My “body” leads me back to bed
I dream of a poem that convenes people who don’t exist

It is our belief that the co-emergence of poetry and poetics is not an occasional side-effect of writing in verse, but is an inherent quality of living and thinking with poetry. We want to document the many kinds of knowledge that get-made, and constantly, in poetry’s nexus: arguments, emails, dreams, the excitement of reading, the boredom of reading, writing secretly while at work… all of this commonplace “stuff” is essential poetic epistemology.

An especially important part of this nexus is conversation. Poetry allows and necessitates lively correspondence. In Gabrielle Octavia Rucker’s piece on Edgar Garcia’s Boundary Loot, she writes:


        The other night I had a dream that we were in conversation… Our conversation was introductory. I was telling you how I came to find your work.

In this epistolary form, a dreamed conversation with Garcia becomes actual. Rucker brings unconscious experience into reality, sustaining correspondence between poets, and between sleeping and waking.

By engaging our dreams, our friends, and “quotidian” experience, we also necessarily engage the wider conditions of our lives and planet. Rucker again: “language becomes a psychic outpost where the ancient rites of initiation, death and prophecy articulate.” Nothing ordinary is neutral. Common Place exists in a world equally characterized by evil—consciously or unconsciously, poems mediate this persistent violence. Our writing must recognize the emergency of the present, a present located in a long history of colonialism and empire.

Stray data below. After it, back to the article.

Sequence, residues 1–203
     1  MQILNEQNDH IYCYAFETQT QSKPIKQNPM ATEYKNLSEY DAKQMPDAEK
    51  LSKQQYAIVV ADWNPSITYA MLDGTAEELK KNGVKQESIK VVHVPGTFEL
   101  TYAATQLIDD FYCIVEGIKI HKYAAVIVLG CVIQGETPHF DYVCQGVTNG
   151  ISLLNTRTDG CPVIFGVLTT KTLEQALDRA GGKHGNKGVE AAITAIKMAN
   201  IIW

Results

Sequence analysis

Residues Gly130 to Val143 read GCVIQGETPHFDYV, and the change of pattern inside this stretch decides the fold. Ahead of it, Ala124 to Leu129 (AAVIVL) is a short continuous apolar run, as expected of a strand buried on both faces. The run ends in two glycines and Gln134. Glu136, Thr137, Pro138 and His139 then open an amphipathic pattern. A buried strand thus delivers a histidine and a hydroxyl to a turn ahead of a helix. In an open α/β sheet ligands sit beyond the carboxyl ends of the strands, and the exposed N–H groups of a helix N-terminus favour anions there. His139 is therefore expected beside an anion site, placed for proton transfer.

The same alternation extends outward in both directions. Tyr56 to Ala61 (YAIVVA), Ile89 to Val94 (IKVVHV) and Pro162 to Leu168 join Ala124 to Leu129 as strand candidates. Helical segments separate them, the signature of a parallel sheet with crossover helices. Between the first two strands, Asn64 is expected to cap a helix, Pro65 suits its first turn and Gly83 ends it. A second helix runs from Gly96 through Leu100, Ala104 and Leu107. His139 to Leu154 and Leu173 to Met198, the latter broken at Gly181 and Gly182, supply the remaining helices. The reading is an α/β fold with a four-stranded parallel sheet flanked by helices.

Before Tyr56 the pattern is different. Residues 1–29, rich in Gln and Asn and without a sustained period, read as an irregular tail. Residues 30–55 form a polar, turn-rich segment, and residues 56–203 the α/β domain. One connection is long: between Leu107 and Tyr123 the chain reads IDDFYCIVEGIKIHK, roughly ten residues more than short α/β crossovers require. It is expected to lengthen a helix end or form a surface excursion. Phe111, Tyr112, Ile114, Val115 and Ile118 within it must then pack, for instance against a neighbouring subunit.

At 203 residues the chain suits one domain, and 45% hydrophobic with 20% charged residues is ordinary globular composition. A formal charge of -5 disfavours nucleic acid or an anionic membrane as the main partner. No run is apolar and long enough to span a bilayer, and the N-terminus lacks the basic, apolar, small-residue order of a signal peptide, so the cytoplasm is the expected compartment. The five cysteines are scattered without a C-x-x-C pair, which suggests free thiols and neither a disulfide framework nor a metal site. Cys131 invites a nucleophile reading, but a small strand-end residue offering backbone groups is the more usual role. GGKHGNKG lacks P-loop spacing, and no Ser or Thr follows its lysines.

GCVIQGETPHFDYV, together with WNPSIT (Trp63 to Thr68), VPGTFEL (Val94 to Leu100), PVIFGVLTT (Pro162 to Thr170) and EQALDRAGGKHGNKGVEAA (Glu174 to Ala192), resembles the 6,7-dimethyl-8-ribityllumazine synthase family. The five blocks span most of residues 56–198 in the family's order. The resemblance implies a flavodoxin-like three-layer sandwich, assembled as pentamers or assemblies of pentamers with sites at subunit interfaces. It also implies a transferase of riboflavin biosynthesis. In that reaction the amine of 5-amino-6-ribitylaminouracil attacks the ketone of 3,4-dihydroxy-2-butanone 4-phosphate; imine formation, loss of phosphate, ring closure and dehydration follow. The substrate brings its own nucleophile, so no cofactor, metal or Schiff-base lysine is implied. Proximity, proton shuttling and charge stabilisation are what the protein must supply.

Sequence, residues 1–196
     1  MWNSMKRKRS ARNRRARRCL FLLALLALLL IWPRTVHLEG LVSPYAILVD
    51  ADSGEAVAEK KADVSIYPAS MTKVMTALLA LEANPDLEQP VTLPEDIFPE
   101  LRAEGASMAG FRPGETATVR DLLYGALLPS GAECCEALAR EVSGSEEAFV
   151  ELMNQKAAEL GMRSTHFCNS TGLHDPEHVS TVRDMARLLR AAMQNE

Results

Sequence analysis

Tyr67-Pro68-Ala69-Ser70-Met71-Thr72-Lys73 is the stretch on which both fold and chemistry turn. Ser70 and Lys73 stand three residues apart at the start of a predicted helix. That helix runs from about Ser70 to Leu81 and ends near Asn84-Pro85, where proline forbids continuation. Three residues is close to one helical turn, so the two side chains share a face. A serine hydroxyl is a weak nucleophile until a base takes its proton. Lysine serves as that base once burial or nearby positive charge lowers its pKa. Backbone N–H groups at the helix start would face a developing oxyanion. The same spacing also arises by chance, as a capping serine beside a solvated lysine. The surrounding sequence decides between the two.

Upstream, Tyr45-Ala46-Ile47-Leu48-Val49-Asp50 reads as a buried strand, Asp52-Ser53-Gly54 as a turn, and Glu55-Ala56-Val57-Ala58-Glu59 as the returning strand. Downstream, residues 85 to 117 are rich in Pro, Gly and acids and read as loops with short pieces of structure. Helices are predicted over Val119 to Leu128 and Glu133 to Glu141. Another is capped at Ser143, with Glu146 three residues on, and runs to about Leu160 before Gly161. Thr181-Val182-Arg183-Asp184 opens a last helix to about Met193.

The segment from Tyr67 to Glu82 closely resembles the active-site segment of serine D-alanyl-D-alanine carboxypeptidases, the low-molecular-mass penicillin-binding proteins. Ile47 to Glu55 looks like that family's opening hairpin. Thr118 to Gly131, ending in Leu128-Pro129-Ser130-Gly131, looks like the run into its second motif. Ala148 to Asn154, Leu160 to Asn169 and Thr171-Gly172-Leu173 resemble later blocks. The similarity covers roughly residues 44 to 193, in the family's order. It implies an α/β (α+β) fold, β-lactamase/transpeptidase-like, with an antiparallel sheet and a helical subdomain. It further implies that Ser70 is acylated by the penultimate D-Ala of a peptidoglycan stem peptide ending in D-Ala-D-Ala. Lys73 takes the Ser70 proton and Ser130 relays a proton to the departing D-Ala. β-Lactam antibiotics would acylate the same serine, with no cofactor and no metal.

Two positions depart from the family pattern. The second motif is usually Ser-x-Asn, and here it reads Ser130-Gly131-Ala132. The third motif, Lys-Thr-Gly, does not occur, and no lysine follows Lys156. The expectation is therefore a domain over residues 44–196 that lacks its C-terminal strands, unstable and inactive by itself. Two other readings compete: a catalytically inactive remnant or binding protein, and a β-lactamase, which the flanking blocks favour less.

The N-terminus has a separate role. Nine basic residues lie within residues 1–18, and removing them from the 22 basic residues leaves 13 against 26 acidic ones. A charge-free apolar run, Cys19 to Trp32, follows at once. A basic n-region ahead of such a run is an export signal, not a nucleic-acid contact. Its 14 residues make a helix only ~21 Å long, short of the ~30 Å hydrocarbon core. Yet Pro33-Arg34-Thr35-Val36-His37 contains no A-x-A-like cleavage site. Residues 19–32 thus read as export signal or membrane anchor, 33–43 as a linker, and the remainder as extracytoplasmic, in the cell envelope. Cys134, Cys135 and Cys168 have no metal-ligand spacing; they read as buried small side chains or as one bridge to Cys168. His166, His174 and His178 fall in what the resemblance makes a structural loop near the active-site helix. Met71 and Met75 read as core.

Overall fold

How can we document the material conditions of our lives while maintaining an awareness of the “common” moment which, for many, is crushing and cruel? How can we live, write, and think in a way that responds to violence and death, that remains loyal to real revolutionary impulses, movements, and thinking? We must connect fully with the present. We cannot dissociate from history.

As a small publication, and as individuals, we support a free Palestine. We stand in solidarity with the Palestinian people, their resistance, and their struggle for liberation. Common Place will uphold the guidelines of the Palestinian Campaign for the Academic and Cultural Boycott of Israel (PACBI). As noted by Writers Against the War on Gaza (WAWOG):

“A commitment to PACBI is effectively a direct action against the ideological and institutional scaffolding of Israel's regime of occupation, settler-colonialism, and apartheid against the Palestinian people. As individual artists, writers, culture workers, and academics, organizing on behalf of PACBI means working iteratively and incrementally to cultivate international pressure on Israel. The aims and guidelines of BDS should be ‘the floor, not the ceiling’ of our efforts to support Palestinian self-determination and freedom from violence.”

This is literary work, as well as daily work. And sometimes, the two become one. Writing enters the world we already live in, offering, at its best, a commitment to shared and continuous survival. “We want the poetry of life,” Percy Shelley writes in “A Defence of Poetry.” And we really do.

Thank you to the writers who have so generously shared their work. And thank you for reading! We’re so excited and grateful for our common place.

P.S. Thank you to Hannah’s sister, Lily, for her help with the website! We love our sisters.